Structural Reforms Can Help Japan’s Post-Consumption Tax Blues

Stephan DanningerBy Stephan Danninger 

(Versions in 日本語)

Japan’s GDP declined by almost 7 percent in the second quarter, more than many had forecast including us here at the IMF.  Many cite the increase in the sales tax this April for this decline.  But that is not the full story.

Yes, it is true that consumer responses to major tax increases are difficult to predict, and large spending swings are not unusual. We see this pattern in many countries (see chart) including Germany’s 2007 VAT increase, which had a short-lived impact.

Figure one

But Japan needs to tackle other constraints on growth, such as lifting household and business confidence. In this regard, what is more important for Japan’s outlook now are its long-term policies. Abenomics has already made progress in ending deflation and jumpstarting the economy. With the near-term outlook looking increasingly uncertain, the government needs to move quickly on the third arrow of structural reforms.

Abenomics’ third arrow holds key for lifting expectations 

Japan has announced a large number of structural measures since last year, ranging from raising female labor supply, agricultural and electricity sector reform, to deregulation and market opening. What is needed, however, is faster implementation and a more comprehensive approach to lift expectations—critical for maintaining confidence.  Recent IMF staff research (see Balance Sheet Repair and Corporate Investment in Japan)  shows that firms need first and foremost clarity about future growth opportunities before they start to invest.

Businesses need also more prodding to “unstash their cash”

One of the most promising untapped growth resources are firms’ large cash holdings. Over the last decade, Japan’s average ratio of cash holdings relative to market capitalization exceeded 40 percent—more than double the equivalent figure for many other G-7 countries.

Figure two

New IMF staff research (see Unstash the Cash! Corporate Governance Reform in Japan) suggests governance and legal framework reforms could lead to more efficient use of these resources. For instance, raising the number of external independent directors and other measures could raise activity––empirical evidence shows that firms with many external directors rarely hold large cash reserves. The government has already made important strides with recent amendments to the Company Act and the introduction of a Stewardship Code for institutional investors to enhance their roles as shareholders. Adoption of a corporate governance code for firms would be another important measure.

Address labor market duality to help with shortages

Shortages in Japan’s labor market are quickly becoming a growth bottleneck. An aging population and limited access to foreign workers are constraining labor supply, while growing demand for skill-intensive services, especially in the health area, is boosting demand.

Japan’s segmented labor market is ill-equipped to cope. Most jobs in Japan still provide life-time employment (regular employment). But because of past cost concerns, the share of irregular employment with lower growth opportunities and weaker job protection has risen rapidly over the last decade.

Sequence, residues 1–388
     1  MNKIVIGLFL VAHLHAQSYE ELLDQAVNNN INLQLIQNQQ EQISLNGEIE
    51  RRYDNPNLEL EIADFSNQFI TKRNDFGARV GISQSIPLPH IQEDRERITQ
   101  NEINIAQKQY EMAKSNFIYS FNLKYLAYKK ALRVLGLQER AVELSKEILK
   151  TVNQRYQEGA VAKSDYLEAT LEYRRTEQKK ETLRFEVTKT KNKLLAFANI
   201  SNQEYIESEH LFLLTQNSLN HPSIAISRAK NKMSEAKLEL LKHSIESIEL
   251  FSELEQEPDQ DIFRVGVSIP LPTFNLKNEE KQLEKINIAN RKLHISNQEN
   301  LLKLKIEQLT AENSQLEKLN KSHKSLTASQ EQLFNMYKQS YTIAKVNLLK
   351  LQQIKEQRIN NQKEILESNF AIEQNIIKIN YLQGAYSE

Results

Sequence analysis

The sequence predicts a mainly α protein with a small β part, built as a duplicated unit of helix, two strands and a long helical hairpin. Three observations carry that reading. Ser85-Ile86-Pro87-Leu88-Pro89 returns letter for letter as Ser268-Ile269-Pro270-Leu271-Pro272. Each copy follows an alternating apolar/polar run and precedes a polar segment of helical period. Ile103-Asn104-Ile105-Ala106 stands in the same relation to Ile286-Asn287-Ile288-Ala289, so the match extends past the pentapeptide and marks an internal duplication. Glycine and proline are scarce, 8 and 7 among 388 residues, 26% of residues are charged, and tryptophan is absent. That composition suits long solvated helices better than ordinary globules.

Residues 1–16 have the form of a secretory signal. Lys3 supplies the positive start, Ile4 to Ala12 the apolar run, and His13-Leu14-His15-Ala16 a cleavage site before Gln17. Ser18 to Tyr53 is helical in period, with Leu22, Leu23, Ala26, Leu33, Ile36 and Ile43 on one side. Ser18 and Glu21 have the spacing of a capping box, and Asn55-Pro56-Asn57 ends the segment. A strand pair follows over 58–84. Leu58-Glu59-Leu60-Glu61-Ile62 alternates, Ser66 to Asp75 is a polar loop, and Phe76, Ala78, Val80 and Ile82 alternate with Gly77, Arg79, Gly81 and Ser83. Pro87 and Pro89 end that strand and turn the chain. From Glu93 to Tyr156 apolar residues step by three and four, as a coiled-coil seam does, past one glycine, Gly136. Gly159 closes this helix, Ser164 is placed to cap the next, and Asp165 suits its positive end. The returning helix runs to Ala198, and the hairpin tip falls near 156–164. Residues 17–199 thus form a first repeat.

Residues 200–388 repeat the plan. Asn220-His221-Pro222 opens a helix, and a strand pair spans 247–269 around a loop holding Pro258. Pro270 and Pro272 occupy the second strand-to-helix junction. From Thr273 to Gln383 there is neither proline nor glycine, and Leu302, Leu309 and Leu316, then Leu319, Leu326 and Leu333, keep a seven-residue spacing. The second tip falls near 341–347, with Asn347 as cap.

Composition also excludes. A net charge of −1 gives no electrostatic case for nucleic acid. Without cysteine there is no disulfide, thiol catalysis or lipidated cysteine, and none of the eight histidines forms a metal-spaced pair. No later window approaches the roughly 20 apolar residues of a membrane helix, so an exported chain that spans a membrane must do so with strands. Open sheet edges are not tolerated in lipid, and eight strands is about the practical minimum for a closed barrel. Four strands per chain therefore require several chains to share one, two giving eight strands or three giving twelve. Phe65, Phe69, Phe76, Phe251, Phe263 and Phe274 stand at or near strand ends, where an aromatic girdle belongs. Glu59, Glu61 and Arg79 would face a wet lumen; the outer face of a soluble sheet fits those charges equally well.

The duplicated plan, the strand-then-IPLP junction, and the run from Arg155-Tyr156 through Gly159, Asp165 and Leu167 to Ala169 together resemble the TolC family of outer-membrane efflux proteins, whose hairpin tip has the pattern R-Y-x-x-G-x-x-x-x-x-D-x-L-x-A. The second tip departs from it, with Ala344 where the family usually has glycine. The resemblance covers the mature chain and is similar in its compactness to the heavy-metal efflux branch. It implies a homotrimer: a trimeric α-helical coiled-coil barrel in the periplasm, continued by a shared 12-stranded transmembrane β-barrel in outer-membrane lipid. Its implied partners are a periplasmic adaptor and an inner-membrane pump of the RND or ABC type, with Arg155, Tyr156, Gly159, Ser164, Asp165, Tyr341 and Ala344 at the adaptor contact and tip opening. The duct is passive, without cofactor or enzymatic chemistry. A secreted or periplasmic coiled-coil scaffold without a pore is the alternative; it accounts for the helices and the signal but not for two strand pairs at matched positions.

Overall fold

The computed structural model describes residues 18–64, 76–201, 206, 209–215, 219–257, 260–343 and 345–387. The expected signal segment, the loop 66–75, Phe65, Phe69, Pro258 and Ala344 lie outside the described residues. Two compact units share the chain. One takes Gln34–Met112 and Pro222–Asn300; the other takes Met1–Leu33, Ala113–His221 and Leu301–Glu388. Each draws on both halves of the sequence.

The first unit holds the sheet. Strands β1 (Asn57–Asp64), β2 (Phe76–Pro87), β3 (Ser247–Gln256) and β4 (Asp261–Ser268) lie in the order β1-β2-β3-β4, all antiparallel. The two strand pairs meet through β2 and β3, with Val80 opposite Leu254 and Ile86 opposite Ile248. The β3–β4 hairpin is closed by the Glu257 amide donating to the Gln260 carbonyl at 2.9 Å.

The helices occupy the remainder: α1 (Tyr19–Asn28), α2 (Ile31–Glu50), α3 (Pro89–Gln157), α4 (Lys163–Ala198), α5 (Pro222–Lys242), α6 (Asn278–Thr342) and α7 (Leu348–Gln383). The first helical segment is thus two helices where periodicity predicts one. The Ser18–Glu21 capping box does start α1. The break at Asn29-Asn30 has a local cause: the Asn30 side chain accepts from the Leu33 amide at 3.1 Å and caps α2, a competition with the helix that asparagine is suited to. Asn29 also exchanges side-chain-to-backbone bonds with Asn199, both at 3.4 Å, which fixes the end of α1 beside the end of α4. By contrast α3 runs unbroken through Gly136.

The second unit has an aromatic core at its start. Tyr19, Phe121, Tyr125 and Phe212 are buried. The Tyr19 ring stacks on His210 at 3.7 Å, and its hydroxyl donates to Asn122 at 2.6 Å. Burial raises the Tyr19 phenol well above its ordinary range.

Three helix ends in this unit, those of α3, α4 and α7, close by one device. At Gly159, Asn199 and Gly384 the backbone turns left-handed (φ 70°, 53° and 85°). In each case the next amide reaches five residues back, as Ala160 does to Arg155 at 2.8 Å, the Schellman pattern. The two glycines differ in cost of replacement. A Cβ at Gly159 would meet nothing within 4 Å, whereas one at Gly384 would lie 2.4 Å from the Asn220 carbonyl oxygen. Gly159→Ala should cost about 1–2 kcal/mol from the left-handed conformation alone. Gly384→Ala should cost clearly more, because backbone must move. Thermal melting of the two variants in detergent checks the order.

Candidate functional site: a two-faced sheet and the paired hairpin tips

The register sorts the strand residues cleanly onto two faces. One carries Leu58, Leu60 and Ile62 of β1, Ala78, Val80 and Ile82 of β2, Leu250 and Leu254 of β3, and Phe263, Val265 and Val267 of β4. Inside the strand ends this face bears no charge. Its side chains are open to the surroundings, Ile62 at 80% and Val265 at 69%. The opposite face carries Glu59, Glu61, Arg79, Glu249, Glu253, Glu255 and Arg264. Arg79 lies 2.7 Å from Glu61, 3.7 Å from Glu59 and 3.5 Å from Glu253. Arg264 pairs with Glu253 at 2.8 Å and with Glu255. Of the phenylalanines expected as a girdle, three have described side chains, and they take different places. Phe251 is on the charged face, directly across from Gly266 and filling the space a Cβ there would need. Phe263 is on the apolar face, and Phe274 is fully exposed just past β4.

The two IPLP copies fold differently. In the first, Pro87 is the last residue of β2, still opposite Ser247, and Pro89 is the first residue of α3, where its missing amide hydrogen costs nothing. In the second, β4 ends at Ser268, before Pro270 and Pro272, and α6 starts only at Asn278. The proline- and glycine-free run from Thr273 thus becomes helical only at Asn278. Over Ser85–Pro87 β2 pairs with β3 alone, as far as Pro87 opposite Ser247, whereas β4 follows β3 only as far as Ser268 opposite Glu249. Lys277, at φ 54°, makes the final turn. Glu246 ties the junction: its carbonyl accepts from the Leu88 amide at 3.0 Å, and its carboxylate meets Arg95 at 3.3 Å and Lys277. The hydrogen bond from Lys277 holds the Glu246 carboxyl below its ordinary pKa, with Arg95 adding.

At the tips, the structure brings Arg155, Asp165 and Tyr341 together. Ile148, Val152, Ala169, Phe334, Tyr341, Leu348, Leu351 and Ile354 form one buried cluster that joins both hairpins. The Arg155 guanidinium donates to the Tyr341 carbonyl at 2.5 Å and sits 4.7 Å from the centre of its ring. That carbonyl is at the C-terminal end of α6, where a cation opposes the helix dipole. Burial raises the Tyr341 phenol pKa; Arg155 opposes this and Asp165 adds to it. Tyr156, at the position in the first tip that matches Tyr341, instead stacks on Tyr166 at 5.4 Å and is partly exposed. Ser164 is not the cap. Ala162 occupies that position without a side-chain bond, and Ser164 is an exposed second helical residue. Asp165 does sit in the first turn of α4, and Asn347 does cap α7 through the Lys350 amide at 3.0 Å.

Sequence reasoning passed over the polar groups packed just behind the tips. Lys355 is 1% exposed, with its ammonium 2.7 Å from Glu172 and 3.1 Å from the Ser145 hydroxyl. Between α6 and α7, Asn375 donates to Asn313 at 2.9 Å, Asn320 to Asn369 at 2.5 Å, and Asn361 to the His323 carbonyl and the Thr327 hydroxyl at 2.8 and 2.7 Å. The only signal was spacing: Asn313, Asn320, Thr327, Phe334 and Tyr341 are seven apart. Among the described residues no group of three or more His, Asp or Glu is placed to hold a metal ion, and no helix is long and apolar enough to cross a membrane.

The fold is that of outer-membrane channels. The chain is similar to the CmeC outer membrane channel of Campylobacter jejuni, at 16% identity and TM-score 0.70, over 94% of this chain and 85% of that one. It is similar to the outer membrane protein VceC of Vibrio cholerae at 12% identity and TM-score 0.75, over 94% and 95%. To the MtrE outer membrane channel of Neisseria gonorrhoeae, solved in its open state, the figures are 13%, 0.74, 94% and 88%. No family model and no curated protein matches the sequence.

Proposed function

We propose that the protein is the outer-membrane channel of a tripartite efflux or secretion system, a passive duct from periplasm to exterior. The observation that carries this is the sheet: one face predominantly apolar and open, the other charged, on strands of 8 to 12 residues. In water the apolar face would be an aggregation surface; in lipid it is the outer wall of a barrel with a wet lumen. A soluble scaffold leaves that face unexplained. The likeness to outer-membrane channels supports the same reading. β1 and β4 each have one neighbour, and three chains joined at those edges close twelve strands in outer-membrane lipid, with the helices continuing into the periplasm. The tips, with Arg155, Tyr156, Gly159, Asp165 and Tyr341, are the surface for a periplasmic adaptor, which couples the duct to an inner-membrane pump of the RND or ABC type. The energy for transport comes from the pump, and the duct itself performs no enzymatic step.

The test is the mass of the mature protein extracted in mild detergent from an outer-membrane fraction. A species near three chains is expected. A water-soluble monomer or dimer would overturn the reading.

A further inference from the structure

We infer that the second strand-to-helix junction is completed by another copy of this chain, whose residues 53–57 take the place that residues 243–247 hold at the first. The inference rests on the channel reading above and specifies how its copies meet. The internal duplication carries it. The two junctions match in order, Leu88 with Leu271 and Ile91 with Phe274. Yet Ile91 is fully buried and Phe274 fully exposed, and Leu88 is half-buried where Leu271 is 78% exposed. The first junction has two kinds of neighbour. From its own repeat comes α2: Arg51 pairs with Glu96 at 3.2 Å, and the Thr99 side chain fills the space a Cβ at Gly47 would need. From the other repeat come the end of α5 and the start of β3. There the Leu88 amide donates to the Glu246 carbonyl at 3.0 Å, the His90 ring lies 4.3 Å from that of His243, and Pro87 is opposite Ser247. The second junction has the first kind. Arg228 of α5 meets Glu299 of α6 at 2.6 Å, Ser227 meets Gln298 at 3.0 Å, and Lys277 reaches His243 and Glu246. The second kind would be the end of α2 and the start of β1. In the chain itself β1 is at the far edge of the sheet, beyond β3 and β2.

Figure three

Many highly educated women and younger workers hold these jobs, limiting their productivity growth and attachment to the labor market. Narrowing the differences between regular and irregular employment could reduce these inefficiencies and help supply talent to areas where it is needed most (see The Path to Higher Growth: Does Revamping Japan’s Dual Labor Market Matter?). There are no easy fixes: but tackle Japan’s labor market rigidities and you enhance its growth potential.

Abenomics needs to stay the course on fiscal and monetary policy

With the consumption tax increase, Japan has taken a first step towards addressing its biggest long-term challenge—reversing the rise of the public-debt-to GDP ratio at over 240 percent of GDP. This and next year’s consumption tax rate increase to 10 percent, would reduce the deficit by about 2 percent of GDP—an important down payment toward restoring fiscal sustainability. Fiscal risks will, however, remain large given the still sizeable future consolidation need of another 6 percent of GDP. To limit the risks of a sudden rise in interest rates, adopting a concrete fiscal strategy beyond 2015 is urgently needed and would afford the government to respond flexibly to downside risks.

On the monetary policy side, the Bank of Japan has made great strides in ending deflation for good. With inflation and inflation expectations increasing (chart)—a major achievement— real interest rates are declining and lifting returns on capital investments.

Figure four

Exiting deflation would also remove other, difficult-to-measure growth effects, such as widespread risk aversion and investor passivism. We believe that the Bank of Japan’s easing policy is appropriately accommodative at the current time. But if progress in raising inflation were to stall, it should act swiftly and expand its asset purchases. 

Japan’s post-consumption tax growth outlook is still favorable. But reforms need to march on as quickly as possible to eliminate key constraints on potential growth, and strengthen confidence. All three of Abenomics’ arrows matter, but the structural one is now key.

 

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